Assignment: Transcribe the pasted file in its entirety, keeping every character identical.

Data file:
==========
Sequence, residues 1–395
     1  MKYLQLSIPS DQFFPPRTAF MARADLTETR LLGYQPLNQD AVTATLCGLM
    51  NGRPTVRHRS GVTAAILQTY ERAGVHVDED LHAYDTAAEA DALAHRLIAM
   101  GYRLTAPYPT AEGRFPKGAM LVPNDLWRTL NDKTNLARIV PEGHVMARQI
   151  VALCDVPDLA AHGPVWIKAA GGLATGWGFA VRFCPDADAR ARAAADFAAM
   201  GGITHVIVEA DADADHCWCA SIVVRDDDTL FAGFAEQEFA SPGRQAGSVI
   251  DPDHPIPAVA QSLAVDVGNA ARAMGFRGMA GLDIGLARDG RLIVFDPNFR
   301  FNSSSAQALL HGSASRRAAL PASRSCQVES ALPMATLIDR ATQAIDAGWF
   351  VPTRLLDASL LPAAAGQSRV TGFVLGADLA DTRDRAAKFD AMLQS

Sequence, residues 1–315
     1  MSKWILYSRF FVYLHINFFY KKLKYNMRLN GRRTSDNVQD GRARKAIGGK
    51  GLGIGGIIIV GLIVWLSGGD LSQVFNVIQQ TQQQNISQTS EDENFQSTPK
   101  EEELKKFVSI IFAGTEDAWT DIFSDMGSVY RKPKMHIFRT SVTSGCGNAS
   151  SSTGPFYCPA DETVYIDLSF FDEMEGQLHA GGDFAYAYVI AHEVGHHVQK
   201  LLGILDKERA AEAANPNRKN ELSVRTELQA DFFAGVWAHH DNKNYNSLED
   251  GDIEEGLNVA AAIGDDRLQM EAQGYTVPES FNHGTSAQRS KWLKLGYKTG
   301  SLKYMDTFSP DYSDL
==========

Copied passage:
Sequence, residues 1–395
     1  MKYLQLSIPS DQFFPPRTAF MARADLTETR LLGYQPLNQD AVTATLCGLM
    51  NGRPTVRHRS GVTAAILQTY ERAGVHVDED LHAYDTAAEA DALAHRLIAM
   101  GYRLTAPYPT AEGRFPKGAM LVPNDLWRTL NDKTNLARIV PEGHVMARQI
   151  VALCDVPDLA AHGPVWIKAA GGLATGWGFA VRFCPDADAR ARAAADFAAM
   201  GGITHVIVEA DADADHCWCA SIVVRDDDTL FAGFAEQEFA SPGRQAGSVI
   251  DPDHPIPAVA QSLAVDVGNA ARAMGFRGMA GLDIGLARDG RLIVFDPNFR
   301  FNSSSAQALL HGSASRRAAL PASRSCQVES ALPMATLIDR ATQAIDAGWF
   351  VPTRLLDASL LPAAAGQSRV TGFVLGADLA DTRDRAAKFD AMLQS

Sequence, residues 1–315
     1  MSKWILYSRF FVYLHINFFY KKLKYNMRLN GRRTSDNVQD GRARKAIGGK
    51  GLGIGGIIIV GLIVWLSGGD LSQVFNVIQQ TQQQNISQTS EDENFQSTPK
   101  EEELKKFVSI IFAGTEDAWT DIFSDMGSVY RKPKMHIFRT SVTSGCGNAS
   151  SSTGPFYCPA DETVYIDLSF FDEMEGQLHA GGDFAYAYVI AHEVGHHVQK
   201  LLGILDKERA AEAANPNRKN ELSVRTELQA DFFAGVWAHH DNKNYNSLED
   251  GDIEEGLNVA AAIGDDRLQM EAQGYTVPES FNHGTSAQRS KWLKLGYKTG
   301  SLKYMDTFSP DYSDL